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My Mothers Kitchen – Braciole

by Terri Blessman

    The kitchen.  Definitely the happening place in our farmhouse in upstate New York in the late sixties and throughout the seventies.  My mother, Marie Carola, a New Jersey Italian, was transported to a farm when she married my dad in 1959.  My city slicker mother was determined to recreate all her Italian specialties on that farm, and she did so in a kitchen the size of most closets today.

    My mother loved to cook… pasta dishes, delicate meat dishes with olive oil and wonderful bread.  I would sit on a small stool over a heat vent in the floor, my eyes level with a butcher block table where she would chop vegetables, roll dough and pound meat.  Everything she made was delicious and was within a very tight budget.  There was no money in agriculture even in 1970!  We grew almost all of what we ate and both parents worked full time off the farm much of the time.  Not only did I learn how to cook and prepare food in that kitchen, I learned the importance of family, the value of money and the importance of an education.  The kitchen was where all the really important family values were passed on, too.  My mother was far from perfect, but as I look back, she was an amazing woman who raised three children who grew up to be very productive people and good parents in their own right.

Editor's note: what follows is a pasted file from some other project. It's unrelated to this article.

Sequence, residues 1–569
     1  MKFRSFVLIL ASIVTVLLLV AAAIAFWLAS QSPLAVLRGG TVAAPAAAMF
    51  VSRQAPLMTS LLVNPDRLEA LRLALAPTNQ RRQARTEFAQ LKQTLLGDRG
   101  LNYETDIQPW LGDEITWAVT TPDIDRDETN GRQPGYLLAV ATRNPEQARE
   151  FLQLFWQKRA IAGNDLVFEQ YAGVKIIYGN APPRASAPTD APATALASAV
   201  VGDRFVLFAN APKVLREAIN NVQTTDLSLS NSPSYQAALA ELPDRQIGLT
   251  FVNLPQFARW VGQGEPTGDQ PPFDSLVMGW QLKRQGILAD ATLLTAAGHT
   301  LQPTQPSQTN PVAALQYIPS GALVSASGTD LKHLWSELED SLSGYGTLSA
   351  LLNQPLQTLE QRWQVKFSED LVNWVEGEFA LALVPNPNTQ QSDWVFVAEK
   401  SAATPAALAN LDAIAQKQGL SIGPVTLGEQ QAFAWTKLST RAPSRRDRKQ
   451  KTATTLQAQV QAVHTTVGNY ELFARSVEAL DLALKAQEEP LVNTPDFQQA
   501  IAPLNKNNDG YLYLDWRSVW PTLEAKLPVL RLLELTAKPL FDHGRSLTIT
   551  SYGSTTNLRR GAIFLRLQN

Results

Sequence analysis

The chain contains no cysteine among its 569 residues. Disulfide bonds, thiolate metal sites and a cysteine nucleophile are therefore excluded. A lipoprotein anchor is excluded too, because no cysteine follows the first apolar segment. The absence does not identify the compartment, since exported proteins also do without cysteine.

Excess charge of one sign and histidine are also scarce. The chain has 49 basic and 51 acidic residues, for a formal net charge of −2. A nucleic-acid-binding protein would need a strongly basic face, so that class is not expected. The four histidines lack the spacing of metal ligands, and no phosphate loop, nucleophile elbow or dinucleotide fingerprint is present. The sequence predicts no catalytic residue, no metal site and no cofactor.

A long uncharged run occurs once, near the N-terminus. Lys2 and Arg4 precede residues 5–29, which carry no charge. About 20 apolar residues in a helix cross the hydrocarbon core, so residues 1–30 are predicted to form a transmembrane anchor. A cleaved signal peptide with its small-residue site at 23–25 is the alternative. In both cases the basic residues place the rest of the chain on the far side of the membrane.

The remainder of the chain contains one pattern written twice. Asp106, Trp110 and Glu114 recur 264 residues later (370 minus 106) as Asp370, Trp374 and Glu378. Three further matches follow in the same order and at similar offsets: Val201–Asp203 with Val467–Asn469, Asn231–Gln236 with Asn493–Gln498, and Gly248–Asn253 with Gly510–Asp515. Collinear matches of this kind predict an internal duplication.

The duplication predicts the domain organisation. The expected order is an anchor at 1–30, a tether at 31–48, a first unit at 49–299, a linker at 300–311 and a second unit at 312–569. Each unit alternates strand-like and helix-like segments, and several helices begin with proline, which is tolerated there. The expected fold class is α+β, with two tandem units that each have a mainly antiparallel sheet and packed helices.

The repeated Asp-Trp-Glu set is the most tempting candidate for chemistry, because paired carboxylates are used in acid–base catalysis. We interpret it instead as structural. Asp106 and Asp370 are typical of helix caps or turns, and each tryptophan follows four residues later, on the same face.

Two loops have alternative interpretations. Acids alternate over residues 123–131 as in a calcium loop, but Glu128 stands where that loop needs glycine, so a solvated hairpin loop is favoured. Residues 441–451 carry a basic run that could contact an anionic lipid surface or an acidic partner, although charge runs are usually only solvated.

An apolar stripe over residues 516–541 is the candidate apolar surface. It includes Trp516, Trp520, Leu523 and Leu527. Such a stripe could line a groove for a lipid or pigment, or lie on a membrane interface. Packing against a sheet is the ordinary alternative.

Marie married “late” by June Cleaver standards.  She was 36 when she married my dad after having had a wonderful business career.  She was definitely a woman before her time.  She had me when she was 37; twin boys followed three years later.   What the three of us adult children remember most about my mother besides her amazing sense of humor, was her cooking.  To her, it was a way to show us she loved us.  She passed away over twenty years ago now, but I realize that I′ve become a lot like her.  While that used to scare the daylights out of me when I was younger, now I′m proud that I′ve inherited many of her good qualities.  

    One of my favorite recipes is braciole.  It′s a dish I make whenever I′m feeling a little nostalgic for that New York farmhouse.  


• 1 pound of very thinly sliced beef, pounded

• 1 onion, finely chopped

• 1 can beef broth

• 6 slices of good white bread

• 1 stick butter

• ¼ – ½ cup milk

• ¼ cup of fresh parsley

• l clove garlic

• ¼ cup of parmesan cheese

• 1 egg, beaten

• Salt and pepper to taste

    Saute garlic and onion in one stick of butter until translucent.  Remove from heat.

    Cut up bread into small pieces and soften with milk.  Add bread to butter/onion mixture along with parsley, cheese and beaten egg in large mixing bowl.  Mix well.

    Roll stuffing mixture into beef and tie with string.  Put rolled beef back into frying pan and saute until slightly brown on one side.  Add beef broth and simmer about 10 more minutes until cooked completely through.